We have all been experiencing this crazy winter weather and March is just starting. The weather reports that I have been following predict at least two more measurable snowstorms and some 60-degree days in the mix, before freezing again throughout the end of March.
We have been dealing with rain, snow, high winds and mud already and it is not getting any better. Livestock pastures and feeding areas have been damaged in some cases heavily, but then so have horse pastures and paddocks.
A healthy horse pasture is not only beautiful but can provide an ideal diet to keep your horses healthy. Pasture is one of the cheapest and best feeds for horses. When we maintain our pastures properly, it not only helps us, but also benefits our neighbors and our environment.
Sound horse pasture management makes good sense for the bottom line of any farm. Effective pasture management can double total forage production, making for healthier horses and lower costs for farmers.
Well-managed horse pastures provide ground cover, prevent soil erosion and decrease runoff.
The following are some tips to improve your horse pastures.
The first thing that is a must that horse owners need is to establish a sacrifice area. Sacrifice areas are key to successful pasture management, especially in situations where horses are kept on small acreage. For one or two horses, a sacrifice area can be as little as a 14’x25′ (350 sq. Feet.) fenced in area.
Horses can be kept within the sacrifice area and provided with hay and drinking water at different times throughout the year. In a sacrifice area, horses can still get their exercise with no harm to the pastures.
Extreme weather conditions, such as drought and heavy rain, create conditions that demand the use of a sacrifice area at other times.
A successful sacrifice area should include proper drainage. Maintain a slope of about 3 percent to prevent erosion. Divert all off-site flows such as barn runoff from around the area.
Remove waste from the site on a daily basis or before rain.
Another improvement is to fertilize and lime your pastures when your soil test calls for it. If your pastures have not been soil tested within the last two-three years, now is the time to do it.
Fertilizer and lime are nutritional supplements for the pasture grasses that will nourish your horses. Fertilizer should be spread in the fall of the year, as the grass goes dormant. This will ensure that the roots strengthen and go deeper into the soil, making for a better, more durable pasture in the spring.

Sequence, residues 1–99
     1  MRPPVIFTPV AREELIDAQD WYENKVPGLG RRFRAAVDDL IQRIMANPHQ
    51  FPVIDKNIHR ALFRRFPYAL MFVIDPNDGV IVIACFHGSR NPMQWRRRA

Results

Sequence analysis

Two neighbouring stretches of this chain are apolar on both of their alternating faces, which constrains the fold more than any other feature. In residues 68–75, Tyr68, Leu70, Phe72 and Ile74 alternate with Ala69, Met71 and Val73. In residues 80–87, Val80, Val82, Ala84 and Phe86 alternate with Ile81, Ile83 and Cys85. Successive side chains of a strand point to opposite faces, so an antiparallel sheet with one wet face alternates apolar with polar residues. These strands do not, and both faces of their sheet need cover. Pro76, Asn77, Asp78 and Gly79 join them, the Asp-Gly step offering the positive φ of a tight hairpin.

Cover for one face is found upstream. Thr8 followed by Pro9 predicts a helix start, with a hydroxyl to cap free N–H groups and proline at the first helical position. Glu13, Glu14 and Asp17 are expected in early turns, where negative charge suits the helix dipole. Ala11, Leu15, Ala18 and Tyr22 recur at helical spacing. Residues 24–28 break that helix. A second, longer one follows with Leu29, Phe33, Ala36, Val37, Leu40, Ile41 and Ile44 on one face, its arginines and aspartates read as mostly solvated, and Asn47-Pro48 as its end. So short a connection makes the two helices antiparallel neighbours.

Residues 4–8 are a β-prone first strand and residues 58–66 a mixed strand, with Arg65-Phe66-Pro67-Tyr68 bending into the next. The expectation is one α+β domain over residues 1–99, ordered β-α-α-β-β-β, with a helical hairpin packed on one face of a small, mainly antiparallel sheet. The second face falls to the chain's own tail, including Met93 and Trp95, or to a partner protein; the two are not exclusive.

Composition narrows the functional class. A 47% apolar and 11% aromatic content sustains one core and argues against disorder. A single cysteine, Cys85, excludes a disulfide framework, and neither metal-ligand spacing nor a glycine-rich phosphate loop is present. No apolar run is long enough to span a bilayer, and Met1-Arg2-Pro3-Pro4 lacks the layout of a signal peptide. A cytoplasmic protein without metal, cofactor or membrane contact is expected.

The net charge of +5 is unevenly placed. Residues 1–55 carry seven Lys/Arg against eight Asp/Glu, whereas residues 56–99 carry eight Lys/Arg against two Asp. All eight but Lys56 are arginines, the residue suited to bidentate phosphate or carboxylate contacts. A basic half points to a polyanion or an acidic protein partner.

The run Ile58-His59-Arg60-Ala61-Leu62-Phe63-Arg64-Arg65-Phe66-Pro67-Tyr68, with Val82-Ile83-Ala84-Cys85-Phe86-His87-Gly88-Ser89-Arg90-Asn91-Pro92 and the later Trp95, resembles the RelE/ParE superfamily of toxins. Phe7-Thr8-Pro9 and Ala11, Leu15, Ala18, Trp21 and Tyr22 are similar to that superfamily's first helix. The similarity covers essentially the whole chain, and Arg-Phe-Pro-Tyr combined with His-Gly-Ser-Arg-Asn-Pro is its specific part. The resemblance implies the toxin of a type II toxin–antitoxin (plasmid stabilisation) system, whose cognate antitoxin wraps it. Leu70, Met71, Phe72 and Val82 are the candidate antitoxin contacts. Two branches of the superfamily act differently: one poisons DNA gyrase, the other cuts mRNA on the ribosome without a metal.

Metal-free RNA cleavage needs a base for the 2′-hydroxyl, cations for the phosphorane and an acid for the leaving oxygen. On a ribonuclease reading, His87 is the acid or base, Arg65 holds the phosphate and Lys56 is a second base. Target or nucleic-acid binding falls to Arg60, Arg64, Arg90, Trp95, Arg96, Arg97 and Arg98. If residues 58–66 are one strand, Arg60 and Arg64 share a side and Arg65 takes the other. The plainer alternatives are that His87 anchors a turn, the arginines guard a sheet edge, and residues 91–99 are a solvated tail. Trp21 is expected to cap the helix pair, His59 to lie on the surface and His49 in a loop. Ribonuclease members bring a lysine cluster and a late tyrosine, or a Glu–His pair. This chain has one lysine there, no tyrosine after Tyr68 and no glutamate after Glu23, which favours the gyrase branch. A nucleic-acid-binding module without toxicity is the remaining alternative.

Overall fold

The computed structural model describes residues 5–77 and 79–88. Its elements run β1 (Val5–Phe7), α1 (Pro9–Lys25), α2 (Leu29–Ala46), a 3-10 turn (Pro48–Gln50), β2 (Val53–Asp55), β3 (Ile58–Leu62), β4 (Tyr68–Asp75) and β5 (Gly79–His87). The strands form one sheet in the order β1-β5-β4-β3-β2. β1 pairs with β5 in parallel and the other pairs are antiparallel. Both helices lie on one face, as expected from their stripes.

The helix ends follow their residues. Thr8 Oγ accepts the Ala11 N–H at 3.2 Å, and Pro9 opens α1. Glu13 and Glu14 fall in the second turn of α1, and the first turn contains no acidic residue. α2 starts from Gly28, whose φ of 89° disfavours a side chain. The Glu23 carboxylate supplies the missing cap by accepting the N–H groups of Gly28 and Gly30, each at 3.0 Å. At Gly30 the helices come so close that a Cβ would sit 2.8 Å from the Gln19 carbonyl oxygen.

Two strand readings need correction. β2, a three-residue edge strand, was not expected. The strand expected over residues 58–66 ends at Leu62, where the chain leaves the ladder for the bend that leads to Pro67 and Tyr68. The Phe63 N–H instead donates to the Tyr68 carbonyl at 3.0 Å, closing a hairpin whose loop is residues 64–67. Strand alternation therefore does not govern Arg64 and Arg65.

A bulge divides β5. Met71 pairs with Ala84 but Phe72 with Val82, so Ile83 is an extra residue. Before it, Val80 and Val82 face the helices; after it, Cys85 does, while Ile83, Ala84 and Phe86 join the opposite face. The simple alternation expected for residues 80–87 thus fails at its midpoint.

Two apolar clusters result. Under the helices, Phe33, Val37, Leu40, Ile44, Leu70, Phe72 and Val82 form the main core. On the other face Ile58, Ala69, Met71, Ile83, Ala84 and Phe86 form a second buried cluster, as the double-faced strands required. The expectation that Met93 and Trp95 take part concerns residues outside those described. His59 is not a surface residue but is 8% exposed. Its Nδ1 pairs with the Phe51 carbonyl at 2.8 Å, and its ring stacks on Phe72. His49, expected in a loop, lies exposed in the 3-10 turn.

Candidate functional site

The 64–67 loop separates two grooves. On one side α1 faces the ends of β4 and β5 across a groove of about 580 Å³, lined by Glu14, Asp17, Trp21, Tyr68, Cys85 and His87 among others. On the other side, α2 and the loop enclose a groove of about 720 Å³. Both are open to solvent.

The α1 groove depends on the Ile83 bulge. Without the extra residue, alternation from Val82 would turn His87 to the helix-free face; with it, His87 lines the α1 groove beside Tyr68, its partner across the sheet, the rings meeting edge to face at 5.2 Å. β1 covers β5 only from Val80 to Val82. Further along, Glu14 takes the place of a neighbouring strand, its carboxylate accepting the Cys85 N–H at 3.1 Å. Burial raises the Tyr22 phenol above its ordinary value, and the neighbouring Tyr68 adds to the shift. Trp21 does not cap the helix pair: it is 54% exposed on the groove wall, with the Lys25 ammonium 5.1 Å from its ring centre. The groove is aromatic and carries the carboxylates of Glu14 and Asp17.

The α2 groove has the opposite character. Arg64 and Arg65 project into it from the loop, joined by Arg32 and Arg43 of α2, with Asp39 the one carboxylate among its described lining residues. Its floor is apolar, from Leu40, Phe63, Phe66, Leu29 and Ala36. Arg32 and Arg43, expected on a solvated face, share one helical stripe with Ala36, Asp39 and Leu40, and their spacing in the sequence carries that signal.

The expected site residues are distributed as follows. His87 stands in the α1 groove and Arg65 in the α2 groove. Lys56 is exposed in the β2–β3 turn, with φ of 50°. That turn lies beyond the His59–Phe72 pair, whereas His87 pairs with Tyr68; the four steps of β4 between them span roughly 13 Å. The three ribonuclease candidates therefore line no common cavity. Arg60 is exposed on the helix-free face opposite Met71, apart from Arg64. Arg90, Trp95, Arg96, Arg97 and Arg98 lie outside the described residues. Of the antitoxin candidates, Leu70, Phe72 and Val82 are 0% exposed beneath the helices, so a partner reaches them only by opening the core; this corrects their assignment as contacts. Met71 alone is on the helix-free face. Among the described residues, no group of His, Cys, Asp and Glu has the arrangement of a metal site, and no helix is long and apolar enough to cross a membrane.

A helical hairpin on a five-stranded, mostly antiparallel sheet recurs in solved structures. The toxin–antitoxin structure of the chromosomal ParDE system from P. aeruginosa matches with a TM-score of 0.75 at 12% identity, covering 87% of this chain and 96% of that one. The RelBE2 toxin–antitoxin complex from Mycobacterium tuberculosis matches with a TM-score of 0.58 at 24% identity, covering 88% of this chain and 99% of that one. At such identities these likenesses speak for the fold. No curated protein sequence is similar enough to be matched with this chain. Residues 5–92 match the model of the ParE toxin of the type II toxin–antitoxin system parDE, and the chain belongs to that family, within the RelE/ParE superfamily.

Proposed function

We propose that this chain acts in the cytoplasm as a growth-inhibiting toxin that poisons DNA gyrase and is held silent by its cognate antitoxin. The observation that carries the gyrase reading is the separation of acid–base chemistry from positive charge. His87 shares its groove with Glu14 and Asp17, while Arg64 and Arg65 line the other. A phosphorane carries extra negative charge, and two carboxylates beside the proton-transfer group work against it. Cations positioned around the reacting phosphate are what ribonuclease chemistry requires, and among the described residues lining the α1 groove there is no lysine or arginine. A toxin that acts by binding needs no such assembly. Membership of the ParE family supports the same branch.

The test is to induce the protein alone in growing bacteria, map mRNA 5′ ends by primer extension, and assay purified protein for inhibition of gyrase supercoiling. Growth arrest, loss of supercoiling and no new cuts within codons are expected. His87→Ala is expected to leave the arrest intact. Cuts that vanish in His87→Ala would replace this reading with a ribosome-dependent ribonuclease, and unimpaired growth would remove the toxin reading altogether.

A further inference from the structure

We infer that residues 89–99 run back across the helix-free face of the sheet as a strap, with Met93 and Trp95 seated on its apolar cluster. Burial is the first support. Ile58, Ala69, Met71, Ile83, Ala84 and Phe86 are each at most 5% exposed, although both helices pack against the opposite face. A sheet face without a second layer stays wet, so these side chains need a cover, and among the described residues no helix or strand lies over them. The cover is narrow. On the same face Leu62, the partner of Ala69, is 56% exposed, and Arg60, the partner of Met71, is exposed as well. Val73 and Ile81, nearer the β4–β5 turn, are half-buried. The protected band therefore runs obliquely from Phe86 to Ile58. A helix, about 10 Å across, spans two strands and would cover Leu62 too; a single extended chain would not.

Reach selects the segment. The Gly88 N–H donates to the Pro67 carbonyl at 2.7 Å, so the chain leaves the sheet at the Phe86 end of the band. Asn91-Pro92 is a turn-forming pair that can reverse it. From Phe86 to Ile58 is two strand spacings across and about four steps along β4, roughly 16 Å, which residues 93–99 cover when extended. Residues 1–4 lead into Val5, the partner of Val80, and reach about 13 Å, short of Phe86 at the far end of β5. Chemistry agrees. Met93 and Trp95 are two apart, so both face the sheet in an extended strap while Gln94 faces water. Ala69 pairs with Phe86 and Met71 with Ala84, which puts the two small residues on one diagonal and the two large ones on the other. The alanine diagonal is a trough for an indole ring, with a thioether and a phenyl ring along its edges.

Lime can be applied any time of the year but is most often applied in spring due to the availability of moisture.
Ideally, pastures should be aerated prior to liming to help absorption into the soil. One of the most important things you can do to maintain your pastures is to keep them well-covered in grass.
Keeping grasses trimmed will ensure that new growth is tender and nutritious for horses.
Cutting off overgrown and dead tops will improve root growth and increase the longevity of your pastures.
Another improvement you can make is reseeding pastures. Adding new seed to pastures whether by broadcast or drill seeding is very important in maintaining the health and stability of your grasses. Pastures should be lightly disked or harrowed first before you seed to ensure that your investment in seed has the best chance for growth.
Horses are heavy footed animals and can cause the soil in pastures to become tamped down and compacted. Aerating the soil in horse pastures can reduce compaction and give your grasses a better chance to grow and survive.
Weed control in horse pastures is very important a couple of techniques to manage weeds include regular mowing of pastures before the weeds reach seed production stage, composting horse manure to kill weed seeds, and lastly, use a high-quality seed mix that contains a low percentage of weed seeds.
Once you have your horse pastures and paddocks established and growing, the next step is to control the when, where and how long the horses graze. Ideally, pastures should be rested as soon as the grass had been grazed down to about 2-3 inches high.
Rotational grazing is the answer if you have enough different pasture areas to do it. If you are not able to do rotational grazing then that sacrifice area becomes really important in helping to let those pastures rejuvenate before horses are returned to those pastures to graze.
Some of these small, inexpensive changes can have big improvements on not only horse pastures but livestock pastures as well. These changes can provide temporary relief to exhausted pastures until long-term fixes, such as seeding or pasture reestablishments, weed control and a soil fertility program can be implemented.
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